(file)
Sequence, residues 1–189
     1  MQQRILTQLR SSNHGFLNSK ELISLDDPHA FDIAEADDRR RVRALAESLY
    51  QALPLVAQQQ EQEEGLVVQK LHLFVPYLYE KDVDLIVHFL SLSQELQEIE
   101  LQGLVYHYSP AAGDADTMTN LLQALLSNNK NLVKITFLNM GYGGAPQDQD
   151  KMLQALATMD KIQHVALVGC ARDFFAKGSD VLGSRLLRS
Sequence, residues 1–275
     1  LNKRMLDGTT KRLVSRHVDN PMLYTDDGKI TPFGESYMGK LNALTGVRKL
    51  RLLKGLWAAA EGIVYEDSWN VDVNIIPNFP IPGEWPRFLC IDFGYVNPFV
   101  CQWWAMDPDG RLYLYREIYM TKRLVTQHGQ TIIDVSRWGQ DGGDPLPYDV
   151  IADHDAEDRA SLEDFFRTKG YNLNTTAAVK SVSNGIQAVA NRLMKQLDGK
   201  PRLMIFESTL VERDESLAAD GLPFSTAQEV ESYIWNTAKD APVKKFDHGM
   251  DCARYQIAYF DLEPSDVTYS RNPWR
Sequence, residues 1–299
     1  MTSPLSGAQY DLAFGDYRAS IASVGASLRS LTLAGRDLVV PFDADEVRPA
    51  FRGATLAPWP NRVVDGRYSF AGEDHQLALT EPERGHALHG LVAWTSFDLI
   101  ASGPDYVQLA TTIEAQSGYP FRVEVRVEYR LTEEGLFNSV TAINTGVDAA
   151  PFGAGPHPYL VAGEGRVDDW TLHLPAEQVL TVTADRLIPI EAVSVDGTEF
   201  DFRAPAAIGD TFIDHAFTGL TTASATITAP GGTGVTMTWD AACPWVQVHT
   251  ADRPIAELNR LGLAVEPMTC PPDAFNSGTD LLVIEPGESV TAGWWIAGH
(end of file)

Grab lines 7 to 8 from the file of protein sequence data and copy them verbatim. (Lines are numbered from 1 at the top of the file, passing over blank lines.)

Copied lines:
     1  LNKRMLDGTT KRLVSRHVDN PMLYTDDGKI TPFGESYMGK LNALTGVRKL
    51  RLLKGLWAAA EGIVYEDSWN VDVNIIPNFP IPGEWPRFLC IDFGYVNPFV